LandAmerica Financial Group Inc. did this after analyzing bandwidth use. The real estate title insurance company has more than 700 offices in the U.S. that access the Internet through data centers in Richmond, Va., and Dallas. LandAmerica initially set out to use Packeteer's network appliance to improve performance of its network, which often crawled because of peer-to-peer applications or if a worker simply opened a 20MB FTP file. Congestion took its toll on critical applications such as e-mail. To remedy the problem, LandAmerica set a 100K bandwidth limit to weed out heavy use of file-sharing applications -- like Gnutella and Kazaa -- and file-sharing on instant chat. "People can use whatever they want up to 100K," says Matt Matin, a systems engineer. LandAmerica figures it's avoiding $500,000 in bandwidth upgrade costs by using Packeteer for application filtering and data compression.

Others handle the bandwidth problem differently. At Oklahoma State University, Michael White, the university's interim director of telecommunications, uses NAT (network address translation) to deter file-sharing. NAT lets him set up network nodes so that many end users share few IP addresses; 750 kids in a dorm might share six IP addresses, for example. That way, the outside machine seeking to copy files can't easily contact an individual machine in the dorm. However, White says a lot of the peer-to-peer software is able to query the network "super node" to find a single user. He concludes the best antidote is educating students to set their computers so that they aren't open for file-sharing 24/7. "Most students just want to download music," not share all their computer files, he says.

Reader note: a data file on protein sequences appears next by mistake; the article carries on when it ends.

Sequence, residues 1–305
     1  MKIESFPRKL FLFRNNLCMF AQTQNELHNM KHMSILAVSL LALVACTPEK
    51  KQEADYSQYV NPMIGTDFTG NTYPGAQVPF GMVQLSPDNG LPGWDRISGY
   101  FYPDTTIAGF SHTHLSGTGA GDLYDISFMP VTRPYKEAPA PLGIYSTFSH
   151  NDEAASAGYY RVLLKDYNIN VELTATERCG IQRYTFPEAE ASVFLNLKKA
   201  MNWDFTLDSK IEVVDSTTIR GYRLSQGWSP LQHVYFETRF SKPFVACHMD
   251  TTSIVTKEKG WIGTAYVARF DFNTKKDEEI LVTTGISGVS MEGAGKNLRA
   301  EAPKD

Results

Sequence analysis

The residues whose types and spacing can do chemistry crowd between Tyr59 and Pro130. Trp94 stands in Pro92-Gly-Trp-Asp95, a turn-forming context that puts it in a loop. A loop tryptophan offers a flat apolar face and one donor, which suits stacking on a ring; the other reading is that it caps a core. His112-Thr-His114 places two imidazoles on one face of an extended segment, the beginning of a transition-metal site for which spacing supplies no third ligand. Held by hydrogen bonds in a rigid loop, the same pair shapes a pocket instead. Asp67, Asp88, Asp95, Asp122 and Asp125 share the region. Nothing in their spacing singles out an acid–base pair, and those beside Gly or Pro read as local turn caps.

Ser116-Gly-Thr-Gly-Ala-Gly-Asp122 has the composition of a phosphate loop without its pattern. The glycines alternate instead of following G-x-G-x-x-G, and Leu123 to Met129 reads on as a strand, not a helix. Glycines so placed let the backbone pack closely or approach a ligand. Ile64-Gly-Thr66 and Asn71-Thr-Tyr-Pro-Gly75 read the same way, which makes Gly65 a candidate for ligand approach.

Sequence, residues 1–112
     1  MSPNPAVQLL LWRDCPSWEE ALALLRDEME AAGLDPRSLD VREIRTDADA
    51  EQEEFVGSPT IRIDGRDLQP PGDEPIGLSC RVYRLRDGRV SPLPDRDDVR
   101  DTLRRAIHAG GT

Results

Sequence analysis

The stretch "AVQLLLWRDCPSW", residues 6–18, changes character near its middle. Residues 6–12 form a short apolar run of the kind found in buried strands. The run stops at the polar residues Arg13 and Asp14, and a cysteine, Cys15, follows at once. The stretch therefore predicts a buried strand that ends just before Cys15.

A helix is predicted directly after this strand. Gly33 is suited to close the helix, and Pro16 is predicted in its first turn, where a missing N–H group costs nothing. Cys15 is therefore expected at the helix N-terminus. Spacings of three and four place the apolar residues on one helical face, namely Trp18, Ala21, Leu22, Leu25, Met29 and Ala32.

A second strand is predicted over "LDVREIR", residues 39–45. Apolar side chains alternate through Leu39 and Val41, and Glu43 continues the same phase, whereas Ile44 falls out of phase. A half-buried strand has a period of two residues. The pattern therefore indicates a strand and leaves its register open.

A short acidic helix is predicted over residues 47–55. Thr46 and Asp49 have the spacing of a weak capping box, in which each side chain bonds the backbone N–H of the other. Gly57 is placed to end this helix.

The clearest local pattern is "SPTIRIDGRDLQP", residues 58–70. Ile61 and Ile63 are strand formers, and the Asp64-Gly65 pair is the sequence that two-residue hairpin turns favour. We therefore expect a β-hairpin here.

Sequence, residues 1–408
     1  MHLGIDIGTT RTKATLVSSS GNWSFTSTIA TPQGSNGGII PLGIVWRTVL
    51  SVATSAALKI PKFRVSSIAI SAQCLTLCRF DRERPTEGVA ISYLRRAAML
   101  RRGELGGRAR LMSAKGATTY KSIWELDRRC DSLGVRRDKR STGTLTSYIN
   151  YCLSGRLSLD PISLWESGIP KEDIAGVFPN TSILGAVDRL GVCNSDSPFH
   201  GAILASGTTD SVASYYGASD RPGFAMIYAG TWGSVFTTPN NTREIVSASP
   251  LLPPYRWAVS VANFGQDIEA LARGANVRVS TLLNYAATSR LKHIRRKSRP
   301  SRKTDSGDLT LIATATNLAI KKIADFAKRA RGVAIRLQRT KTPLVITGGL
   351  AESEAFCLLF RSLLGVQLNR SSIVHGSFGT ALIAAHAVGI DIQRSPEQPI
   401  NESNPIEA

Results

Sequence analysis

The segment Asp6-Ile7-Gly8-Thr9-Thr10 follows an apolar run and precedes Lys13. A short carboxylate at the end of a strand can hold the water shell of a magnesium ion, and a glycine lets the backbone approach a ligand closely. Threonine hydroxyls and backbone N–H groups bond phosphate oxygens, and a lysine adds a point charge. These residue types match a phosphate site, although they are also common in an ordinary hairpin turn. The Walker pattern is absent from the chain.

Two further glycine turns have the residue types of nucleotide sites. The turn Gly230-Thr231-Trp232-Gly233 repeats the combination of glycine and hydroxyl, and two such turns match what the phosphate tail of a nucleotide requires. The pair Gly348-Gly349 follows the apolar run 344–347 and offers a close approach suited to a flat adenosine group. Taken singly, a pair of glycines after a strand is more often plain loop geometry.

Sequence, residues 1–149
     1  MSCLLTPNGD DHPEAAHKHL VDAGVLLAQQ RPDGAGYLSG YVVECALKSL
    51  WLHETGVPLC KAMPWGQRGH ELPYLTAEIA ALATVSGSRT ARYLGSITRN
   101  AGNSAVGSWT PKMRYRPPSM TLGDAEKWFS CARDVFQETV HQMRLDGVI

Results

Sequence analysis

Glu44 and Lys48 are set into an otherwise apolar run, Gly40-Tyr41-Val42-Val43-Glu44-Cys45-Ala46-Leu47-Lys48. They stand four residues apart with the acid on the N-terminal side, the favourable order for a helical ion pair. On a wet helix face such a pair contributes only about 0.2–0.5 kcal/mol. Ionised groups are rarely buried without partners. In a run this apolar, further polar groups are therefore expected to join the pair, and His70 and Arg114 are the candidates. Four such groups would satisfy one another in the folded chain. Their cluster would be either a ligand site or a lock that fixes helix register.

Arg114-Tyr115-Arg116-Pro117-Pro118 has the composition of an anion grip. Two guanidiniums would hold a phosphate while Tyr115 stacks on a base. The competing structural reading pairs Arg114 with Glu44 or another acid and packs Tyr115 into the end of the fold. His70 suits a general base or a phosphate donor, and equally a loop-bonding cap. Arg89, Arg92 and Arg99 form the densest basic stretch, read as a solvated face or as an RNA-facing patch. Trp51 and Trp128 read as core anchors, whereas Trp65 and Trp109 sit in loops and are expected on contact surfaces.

Instant chat campaign

Instant messaging might not hog as much network space as multiple Lord of the Rings downloads, but it can pose problems. Aside from bandwidth issues, many managers find it hard to track the panoply of IM software versions on user PCs. (Microsoft Corp., Time Warner's America Online Inc. unit, Yahoo Inc., IBM Corp.'s Lotus division, Sun Microsystems Inc. and Oracle all make a corporate version of IM.) Just 26% of organizations have standardized on a common corporate IM application, according to market researchers at The Radicati Group Inc.

Yet IM software is now installed within 90% of all corporate networks, according to research firm Osterman Research. Often it's used by employees to get real work done. But some CIOs view it as a bandwidth-sucking productivity blaster.

"It's a huge problem," says Richard Ortiz, IT manager at Palace Entertainment Inc., which runs water and amusement parks. Ortiz says he kept noticing strange spikes in traffic on his frame relay routers last year. So he used network reports to hunt down the culprit. It was IM. "The guys are worse than the girls," says Ortiz. "They play poker. They're talking to their friends about the football game." In October 2003, Ortiz ended the fun, installing Akonix Systems Inc. software, which, like similar products including SurfControl's Instant Message Filter, blocks IM use and helps stop end users from downloading pirated software and peer-to-peer file-sharing.